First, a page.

What is Color? (Synopsis)

You can’t get there by bus, only by hard work and risk and by not quite knowing what you’re doing. What you’ll discover will be wonderful. What you’ll discover will be yourself.” -Alan Alda

Alan Alda recently challenged scientists to explain this simple question to 11-year-olds in less than 300 words. Could you do it?

It seems like a straightforward enough proposition; after all, we surely know it when we see it.
Image credit: Jessica at Ways of Wanderers, via http://waysofwanderers.com/colourful-flower-fields-biei/. Image credit: Jessica at Ways of Wanderers, via http://waysofwanderers.com/colourful-flower-fields-biei/.

But there are some very tight constraints on this contest: you must be a scientist, it must effectively engage and educate an 11 year-old audience, and written/video entries are limited to 300 words/6 minutes, respectively. I've entered a graphic compendium, and I'd love to know what you'd say!

[Go read the whole thing -- formatted for the web (I submitted a PDF) -- over at Medium!]

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Here are two suggestions within the limit of 300 words:

1. “Read the book by Margaret Livingstone, Vision and Art: The Biology of Seeing.”

2. “Ask an artist to explain it; never ask a scientist! (Margaret Livingstone excepted.)”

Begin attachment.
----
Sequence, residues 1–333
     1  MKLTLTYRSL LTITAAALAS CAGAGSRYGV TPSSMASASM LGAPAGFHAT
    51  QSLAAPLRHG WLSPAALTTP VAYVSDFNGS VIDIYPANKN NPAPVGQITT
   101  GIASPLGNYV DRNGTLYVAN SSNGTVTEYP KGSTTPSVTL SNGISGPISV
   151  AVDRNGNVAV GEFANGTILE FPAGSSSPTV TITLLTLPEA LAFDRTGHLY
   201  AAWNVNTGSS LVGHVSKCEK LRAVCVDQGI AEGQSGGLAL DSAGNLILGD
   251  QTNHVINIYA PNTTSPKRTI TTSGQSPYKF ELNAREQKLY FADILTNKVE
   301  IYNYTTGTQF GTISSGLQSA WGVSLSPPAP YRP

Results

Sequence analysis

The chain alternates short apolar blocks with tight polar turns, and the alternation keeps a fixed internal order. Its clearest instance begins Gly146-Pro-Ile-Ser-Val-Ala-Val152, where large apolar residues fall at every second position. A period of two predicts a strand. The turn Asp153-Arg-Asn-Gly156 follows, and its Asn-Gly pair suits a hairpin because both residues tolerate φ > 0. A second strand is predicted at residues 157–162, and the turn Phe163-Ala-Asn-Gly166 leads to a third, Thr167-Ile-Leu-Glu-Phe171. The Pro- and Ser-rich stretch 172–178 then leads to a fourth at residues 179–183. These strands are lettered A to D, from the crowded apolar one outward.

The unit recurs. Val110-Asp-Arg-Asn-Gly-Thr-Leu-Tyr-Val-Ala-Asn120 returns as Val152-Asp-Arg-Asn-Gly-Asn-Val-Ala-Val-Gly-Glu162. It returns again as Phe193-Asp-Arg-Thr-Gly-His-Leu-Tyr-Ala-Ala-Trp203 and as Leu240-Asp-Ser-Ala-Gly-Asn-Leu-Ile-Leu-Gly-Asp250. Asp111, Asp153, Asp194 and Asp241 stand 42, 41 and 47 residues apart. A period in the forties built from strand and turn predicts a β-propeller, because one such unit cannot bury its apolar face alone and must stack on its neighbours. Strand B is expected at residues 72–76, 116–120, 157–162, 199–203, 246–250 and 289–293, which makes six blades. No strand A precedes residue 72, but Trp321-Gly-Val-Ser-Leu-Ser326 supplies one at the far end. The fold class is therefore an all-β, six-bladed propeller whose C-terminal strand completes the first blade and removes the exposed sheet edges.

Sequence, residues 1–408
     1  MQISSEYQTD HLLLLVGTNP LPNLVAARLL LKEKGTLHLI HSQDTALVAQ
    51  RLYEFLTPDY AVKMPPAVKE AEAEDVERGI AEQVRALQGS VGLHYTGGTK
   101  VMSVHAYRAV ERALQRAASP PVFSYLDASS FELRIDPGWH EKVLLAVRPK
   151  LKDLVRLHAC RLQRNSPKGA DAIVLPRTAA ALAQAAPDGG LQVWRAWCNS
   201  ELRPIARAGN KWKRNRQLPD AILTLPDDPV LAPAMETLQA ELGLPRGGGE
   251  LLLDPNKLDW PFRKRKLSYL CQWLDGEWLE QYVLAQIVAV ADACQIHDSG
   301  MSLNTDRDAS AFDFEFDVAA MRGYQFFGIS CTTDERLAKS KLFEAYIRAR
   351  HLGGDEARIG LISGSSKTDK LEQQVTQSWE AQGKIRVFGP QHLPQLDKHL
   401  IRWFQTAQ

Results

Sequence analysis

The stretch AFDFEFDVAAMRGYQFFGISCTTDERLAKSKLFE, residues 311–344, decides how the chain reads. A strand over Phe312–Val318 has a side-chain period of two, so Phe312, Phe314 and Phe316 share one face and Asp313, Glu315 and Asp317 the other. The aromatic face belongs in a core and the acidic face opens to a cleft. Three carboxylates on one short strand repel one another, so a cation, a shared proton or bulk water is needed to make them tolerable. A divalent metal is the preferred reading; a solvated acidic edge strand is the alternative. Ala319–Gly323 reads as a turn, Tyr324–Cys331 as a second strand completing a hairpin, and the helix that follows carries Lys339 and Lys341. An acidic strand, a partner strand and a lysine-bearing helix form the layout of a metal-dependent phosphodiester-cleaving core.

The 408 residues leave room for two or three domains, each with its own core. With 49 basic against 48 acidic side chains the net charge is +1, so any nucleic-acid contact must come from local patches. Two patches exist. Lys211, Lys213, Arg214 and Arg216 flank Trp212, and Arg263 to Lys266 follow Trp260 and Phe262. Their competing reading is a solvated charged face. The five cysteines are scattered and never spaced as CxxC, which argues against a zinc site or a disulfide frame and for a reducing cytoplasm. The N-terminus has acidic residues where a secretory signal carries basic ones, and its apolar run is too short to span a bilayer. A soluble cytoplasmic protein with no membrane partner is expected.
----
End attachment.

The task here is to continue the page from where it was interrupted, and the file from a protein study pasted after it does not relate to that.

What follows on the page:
By far the most important response to anyone who asks "What is colour?" is a reply along the lines: "What a wonderful question! Please tell me why you ask and which aspects of it most fascinate you." In my experience, it is essential to figure out if the questioner is most interested in: how colour vision works; why it came about; or what they can achieve by gaining an understanding of it (perhaps a desire to have career in art or the fashion industry).

You wrote: “What makes one color intrinsically different from any other is the amount of energy it has: for the colors we can see, violet light has the most, while red light has the least.” Sorry to nitpick that statement… While it is correct for individual photon energies, humans are capable of distinguishing: blues and purples even when lit by incandescent lamps having far lower temperature than the circa 5600 K of sunlight; oranges and reds even when illuminated by heavily overcast daylight having a colour temperature of 10000 K and above. There are profound reasons why digital cameras require auto and manual white balance control in order to produce acceptable images of the scenes they capture. The reasons go far beyond photon energies and simple models of human colour vision.